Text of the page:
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Sharia Monsur, 34, was at work when she decided to tuck into a Salted Caramel Galaxy bar. However, she claims she soon wished she never had, after finding a fly larvae inside – a claim that is fiercely disputed by manufacturer Mars Wrigley.
Sharia said: “I work for the NHS Pandemic Response Service and I work from home, so whilst I was on a Teams meeting with another colleague I decided to grab the chocolate bar so I could eat something quick whilst still working. So I ate the first bar, and usually when I eat my chocolate bars, especially if it is caramel based or anything like that, I always break the little segments and eat it like that.“
Sharia says ate the first bar which she said was “absolutely fine” but then decided to move onto the second bar. Speaking to Coventry Live, she explained that when she broke into the second bar she was alarmed to find a maggot inside.
She said: “It was massive, it was not even a small one, it was like this fat moving live maggot in my chocolate bar. It was disgusting because I have got kids as well, so I thought ‘luckily I break the segments because imagine if my child was to get the chocolate bar and just start biting through it’.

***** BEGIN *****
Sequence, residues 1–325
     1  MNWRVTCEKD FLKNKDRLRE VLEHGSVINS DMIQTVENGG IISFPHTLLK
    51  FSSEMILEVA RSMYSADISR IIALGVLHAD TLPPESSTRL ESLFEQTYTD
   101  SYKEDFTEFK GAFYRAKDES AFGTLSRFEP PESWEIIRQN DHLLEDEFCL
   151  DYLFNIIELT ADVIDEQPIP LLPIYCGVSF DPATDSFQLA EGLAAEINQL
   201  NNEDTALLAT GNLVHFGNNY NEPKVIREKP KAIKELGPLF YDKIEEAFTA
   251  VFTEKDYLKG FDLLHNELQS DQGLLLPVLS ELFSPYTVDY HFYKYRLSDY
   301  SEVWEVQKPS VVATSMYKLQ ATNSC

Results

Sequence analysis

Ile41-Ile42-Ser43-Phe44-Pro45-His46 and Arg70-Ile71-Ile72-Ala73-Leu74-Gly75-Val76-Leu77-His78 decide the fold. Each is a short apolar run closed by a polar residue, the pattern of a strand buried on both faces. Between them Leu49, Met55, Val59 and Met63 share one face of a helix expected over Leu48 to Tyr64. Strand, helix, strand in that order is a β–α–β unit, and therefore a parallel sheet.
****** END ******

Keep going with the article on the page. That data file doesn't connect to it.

“It was just disgusting. It was not a dead sort of insect on the outside of the packet, it was inside my chocolate bar, it was inside my caramel. It made me feel physically sick because I had just eaten a bar already and I thought ‘what if I had already eaten a maggot and I did not even know?'”
Sharia wrote to Mars Wrigley to inform them of her discovery and was “shocked” by their response. She said they asked for details including where the treat box was purchased from and the conditions the box was kept in, despite her saying that the box was gifted to her.
In the end, the company offered Sharia vouchers for free Galaxy chocolate, however the mum-of-two said that she “does not even want to look at another Galaxy product” after her experience. She added that she has not eaten chocolate since the incident as the experience has “put me off so much”.
Mars Wrigley UK has fiercely denied the claims, stating that the alleged contamination did not happen during the production and packaging process.
A spokesman for the company said: “Mars Wrigley UK has rigorous processes in place to mitigate against the contamination of our products. We have fully investigated this issue and can categorically say that the alleged contamination did not occur during the production and packaging process in the factory.”
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